Ending illegal Wildlife Trade and conflicts in Uganda must go beyond laws in Uganda, says Acholi stakeholders.

todayJune 17, 2022

By Robert Ojok

Despite tourism being the second largest foreign exchange earner in Uganda, it is threatened by many challenges including hunting and human wildlife conflicts.
Over one million tourists visit Uganda every year, attracted by its many national parks boasting of a rich array of wildlife, bringing with them over 5.6 trillion Uganda shillings (US $ 1.6 billion), making tourism the second largest foreign exchange earner in the country. This is according to a 2019 World Bank report.
Conservation in Uganda became a significant movement during the British colonial rule in the early 20th century and active intensive management of wildlife in the Uganda Protectorate began in 1923 with the formation of the Elephant Control Department to reduce the damage to peasant agriculture by limiting the size and range of elephant populations. The first wildlife protected area was created in 1921 in Semliki Wildlife Reserve and the last Ziwa Wildlife Sanctuary was gazetted in 2005.

To date, Uganda has 23-wildlife protected areas, national game parks, wildlife reserves, zoos and sanctuaries among others scattered across the country.
In 2015, the Wildlife Conservation Society carried out an aerial survey that  indicated an increase in African bush elephants by almost 600 percent from a low of 700 up to 5,000. Queen Elizabeth National Park had 2,913 elephants, Murchison Falls National Park had 1,330 elephants, while Kidepo Valley National Park had 656 elephants.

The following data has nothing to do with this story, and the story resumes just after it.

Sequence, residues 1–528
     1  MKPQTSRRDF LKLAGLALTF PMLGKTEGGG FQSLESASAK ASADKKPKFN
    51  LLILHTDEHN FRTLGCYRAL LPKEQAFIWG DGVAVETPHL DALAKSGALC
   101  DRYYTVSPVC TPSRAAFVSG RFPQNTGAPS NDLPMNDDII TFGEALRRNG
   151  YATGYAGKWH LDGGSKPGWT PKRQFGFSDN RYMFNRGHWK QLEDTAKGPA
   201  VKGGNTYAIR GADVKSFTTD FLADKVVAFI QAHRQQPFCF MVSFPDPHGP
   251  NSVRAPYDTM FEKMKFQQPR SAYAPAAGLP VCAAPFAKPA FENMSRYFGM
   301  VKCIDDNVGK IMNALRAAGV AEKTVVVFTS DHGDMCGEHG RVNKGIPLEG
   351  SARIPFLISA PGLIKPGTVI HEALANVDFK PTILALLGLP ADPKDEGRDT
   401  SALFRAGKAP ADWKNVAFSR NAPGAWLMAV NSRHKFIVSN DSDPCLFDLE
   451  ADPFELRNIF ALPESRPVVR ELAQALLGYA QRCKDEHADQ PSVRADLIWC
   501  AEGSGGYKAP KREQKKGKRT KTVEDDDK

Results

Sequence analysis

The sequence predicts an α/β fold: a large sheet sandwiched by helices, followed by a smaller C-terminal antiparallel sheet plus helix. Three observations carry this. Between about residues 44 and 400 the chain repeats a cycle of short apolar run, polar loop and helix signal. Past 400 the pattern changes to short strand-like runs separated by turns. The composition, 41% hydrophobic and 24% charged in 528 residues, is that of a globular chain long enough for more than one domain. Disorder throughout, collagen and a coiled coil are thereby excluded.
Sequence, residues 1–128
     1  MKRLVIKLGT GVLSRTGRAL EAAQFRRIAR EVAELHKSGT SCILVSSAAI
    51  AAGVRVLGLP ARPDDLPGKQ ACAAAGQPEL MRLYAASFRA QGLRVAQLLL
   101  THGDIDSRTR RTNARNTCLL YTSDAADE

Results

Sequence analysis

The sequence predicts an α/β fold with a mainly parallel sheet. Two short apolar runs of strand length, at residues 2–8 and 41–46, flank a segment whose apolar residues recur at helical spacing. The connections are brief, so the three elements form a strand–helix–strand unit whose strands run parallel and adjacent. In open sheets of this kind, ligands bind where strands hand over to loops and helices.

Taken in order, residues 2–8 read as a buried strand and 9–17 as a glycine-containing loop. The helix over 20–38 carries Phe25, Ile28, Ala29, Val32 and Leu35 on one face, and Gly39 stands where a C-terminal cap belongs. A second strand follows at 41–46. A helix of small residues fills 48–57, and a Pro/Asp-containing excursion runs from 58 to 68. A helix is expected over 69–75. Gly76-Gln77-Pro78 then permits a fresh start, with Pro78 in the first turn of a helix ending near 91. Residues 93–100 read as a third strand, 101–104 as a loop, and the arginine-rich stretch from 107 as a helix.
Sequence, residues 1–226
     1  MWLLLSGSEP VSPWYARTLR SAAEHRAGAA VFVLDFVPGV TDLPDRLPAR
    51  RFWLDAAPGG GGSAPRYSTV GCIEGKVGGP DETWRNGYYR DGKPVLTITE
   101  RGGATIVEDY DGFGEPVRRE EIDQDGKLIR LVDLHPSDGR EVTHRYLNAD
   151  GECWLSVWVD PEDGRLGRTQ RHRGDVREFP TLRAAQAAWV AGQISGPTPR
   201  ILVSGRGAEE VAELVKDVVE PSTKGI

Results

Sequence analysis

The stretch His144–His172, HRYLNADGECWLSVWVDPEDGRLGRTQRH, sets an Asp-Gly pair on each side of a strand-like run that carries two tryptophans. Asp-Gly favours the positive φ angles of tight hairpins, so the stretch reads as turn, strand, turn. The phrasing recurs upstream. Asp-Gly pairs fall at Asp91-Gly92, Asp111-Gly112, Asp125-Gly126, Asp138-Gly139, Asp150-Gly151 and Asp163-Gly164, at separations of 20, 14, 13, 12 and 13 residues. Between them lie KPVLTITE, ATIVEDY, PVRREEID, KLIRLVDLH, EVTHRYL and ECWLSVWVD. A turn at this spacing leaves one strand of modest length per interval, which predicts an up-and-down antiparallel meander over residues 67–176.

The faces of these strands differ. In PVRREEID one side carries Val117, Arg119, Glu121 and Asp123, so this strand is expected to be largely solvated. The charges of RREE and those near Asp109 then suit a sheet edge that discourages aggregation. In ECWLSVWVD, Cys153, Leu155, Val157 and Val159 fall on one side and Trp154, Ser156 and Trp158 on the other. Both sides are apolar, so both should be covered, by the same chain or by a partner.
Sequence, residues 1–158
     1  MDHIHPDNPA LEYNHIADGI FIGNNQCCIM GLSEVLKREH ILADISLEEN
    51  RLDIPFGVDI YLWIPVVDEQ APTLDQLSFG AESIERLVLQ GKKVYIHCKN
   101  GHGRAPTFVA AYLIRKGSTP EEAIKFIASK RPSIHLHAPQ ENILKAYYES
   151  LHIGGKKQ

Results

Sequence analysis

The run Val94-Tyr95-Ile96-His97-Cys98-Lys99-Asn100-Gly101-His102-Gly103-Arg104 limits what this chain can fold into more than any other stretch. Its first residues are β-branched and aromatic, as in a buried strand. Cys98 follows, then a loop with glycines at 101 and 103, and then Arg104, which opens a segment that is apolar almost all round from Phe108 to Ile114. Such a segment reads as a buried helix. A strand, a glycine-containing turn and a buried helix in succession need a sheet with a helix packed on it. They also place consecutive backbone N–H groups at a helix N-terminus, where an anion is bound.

During the war, says Moses Dhabasadha, Warden for Compliance, Monitoring and Enforcement at Murchison Falls National Park, a herd of elephants occupied community farmland. “If you look at the conservation history in this region, Aswa-Lulim used to be a game reserve and 20-years ago during the war animals’ animals occupied community settlement as people were in internally displaced people’s camps which is making it difficult to drive some of the wild animals back into protected areas after the war dissolutions of camps in northern Uganda”, Moses Dhabasadha said  

Lakony Jalon Duk, the village headman of pakawera central in langele parish Koch lii sub county was attacked by stray elephant on 22nd February in 2018.  “As I was approaching the seen the elephant attacked me from a near by ant-hill and I became unconscious but only gain consent from the hospital in lacor” lakony revealed The elephant damaged lakony’s ear, rib and one of the upper limb. Lakony says he need support interms of money and foodstuff to help his family.